Getting rid of the TCP listener by default

Branch: listen-fixes

We’ve had the ‘-nolisten’ option for a while now to disable inbound TCP connections. It’s useful for security reasons, but we’ve never enabled this by default. This patch sequence provides configure options for each of the listen sockets (tcp, unix and local), leaves unix and local enabled by default and disables tcp by default.

A new option, ‘-listen’, is added which allows the user to override the -nolisten defaults in case they actually want to use TCP connections to X.

Glamor bug fixes

branch: glamor-fixes

This branch fixes two bugs:

  1. Scale a large pixmap down to a small pixmap. This happens when you display enormous images in a web page. Iceweasel sends the whole huge image to X and uses Render to scale it to the screen. If the image is larger than a single texture, the X server splits it up into tiles, but the code which tries to perform the merged scale is just broken. Five patches fix this.

  2. Shader-based trapezoids. This code uses area coverage to compute trapezoids. That violates the Render spec, which requires point sampling. Further, the performance of these trapezoids is lower than software (by a lot). This one patch removes the code.

Present bug fixes

branch: present-fixes

A selection of small bug fixes:

  1. Clear pending flips at CloseScreen. This removes a reference to any pending flip pixmap, allowing it to be freed. Otherwise, we’ll leak memory across server reset.

  2. Add support for PresentOptionCopy. This has been in the protocol spec for a while, and was completely trivial to implement. However, it never got done. One tiny little patch.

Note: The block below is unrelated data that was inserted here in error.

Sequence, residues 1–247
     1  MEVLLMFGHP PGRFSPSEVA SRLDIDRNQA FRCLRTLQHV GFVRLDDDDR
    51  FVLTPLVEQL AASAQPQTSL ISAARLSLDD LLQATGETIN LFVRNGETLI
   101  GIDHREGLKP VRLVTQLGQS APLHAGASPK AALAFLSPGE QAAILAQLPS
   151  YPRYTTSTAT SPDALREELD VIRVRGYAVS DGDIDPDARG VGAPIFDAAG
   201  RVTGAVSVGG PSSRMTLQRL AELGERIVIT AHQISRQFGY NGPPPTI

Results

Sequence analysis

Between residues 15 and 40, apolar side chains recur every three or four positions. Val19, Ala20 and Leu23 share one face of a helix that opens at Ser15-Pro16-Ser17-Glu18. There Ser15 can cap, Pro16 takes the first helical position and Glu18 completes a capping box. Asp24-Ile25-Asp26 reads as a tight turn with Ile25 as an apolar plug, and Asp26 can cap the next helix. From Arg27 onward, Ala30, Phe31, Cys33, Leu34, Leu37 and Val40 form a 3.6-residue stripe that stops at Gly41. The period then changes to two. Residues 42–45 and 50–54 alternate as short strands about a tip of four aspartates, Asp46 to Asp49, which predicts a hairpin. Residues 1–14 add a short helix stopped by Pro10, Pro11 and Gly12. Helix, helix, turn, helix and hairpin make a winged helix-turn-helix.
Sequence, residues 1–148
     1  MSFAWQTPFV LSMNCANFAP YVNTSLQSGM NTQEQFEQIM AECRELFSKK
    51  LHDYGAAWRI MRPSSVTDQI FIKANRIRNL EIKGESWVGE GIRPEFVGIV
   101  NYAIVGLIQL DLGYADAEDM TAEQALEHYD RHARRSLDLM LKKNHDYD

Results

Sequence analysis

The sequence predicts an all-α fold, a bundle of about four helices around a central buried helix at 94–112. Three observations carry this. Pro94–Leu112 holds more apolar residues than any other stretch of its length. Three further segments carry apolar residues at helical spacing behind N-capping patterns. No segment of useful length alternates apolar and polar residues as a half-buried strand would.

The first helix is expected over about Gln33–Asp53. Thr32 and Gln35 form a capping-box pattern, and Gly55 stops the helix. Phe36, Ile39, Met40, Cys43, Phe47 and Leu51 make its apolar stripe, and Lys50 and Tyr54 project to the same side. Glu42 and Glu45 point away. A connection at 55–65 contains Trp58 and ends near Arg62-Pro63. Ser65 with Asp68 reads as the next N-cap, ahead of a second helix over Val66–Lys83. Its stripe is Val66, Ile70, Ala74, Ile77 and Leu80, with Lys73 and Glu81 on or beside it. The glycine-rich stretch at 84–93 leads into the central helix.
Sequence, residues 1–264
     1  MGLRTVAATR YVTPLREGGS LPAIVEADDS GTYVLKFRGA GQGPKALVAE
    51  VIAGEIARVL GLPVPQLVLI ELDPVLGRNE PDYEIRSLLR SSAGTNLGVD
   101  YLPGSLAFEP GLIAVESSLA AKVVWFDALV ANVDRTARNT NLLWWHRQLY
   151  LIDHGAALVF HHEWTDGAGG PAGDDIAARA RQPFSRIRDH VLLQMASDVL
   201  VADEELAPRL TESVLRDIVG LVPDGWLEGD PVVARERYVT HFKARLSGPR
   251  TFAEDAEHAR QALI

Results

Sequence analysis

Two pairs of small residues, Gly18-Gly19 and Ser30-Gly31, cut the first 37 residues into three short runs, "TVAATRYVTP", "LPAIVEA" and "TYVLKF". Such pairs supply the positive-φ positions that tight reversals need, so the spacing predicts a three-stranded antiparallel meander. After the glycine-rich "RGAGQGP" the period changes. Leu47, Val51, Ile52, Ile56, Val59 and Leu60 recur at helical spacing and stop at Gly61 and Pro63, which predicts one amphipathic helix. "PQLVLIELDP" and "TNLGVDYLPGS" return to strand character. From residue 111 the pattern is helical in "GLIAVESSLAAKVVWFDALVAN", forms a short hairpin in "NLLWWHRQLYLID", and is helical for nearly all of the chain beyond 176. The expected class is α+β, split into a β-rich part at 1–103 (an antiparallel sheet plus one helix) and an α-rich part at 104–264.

3. Expose the Present API to drivers via sdksyms.sh. Until now, the present extension APIs have only been available inside the X server. This exposes them to drivers. This took a few cleanup patches first.

Use Present for Glamor XV

branch: glamor-present-xv

Painting XV to the screen should be done at vblank time to avoid tearing. Present offers vblank synchronized operations. Hooking those two together required a few new present APIs to expose the vblank functionality outside of the present code, then a bit of glamor code to hook up that new API to the XV bits.

Switching Glamor to a GL core profile context

branch: glamor-core-profile

This patch set is still in progress, but demonstrates how close we are. We’ll be requiring OpenGL 3.3 for this so that we get texture swizzling, which is required for our single channel objects.

The changes present on the branch are:

  1. Switch single channel surfaces from GLALPHA to GLRED.

  2. Use vertex array objects.

  3. Switch ephyr over to using a core 3.3 profile.

Still left to do is

  1. Switch Render code to VBOs

The core code uses VBOs everywhere, but the Render code doesn’t. This means that all Render drawing fails, which makes the resulting server not very useful.

My main objective for getting this done is to reduce memory usage by about 16MB, which is the space allocated for software rendering in Mesa in case someone does something which the hardware doesn’t handle, and that can only with some legacy OpenGL APIs.

Please help out!

All of these friendly little patches are looking for a bit of review so that they can get merged before the 1.17 window closes.

Thomas Goirand: Backporting libjs-angularjs and libjs-d3 to Wheezy

16 September, 2014 - 01:13

If you didn’t notice, Javascript isn’t as simple as it used to be… Want to backport the 2 simple javascript libs? No problem. You then “just” need to backport a bunch of other packages which are build-dependencies… (and file #761670, #761672, and #761674 on the way when rebuilding…). Here’s the short list:

gyp
node-abbrev
node-ansi
node-ansi-color-table
node-archy
node-async
node-block-stream
node-combined-stream
node-contextify
node-cookie-jar
node-cssom
node-delayed-stream
node-diff
node-eyes
node-forever-agent
node-form-data
node-fstream
node-fstream-ignore
node-github-url-from-git
node-glob
node-graceful-fs
node-gyp
node-htmlparser
node-inherits
node-ini
node-jake
node-jsdom
node-json-stringify-safe
node-lockfile
node-lru-cache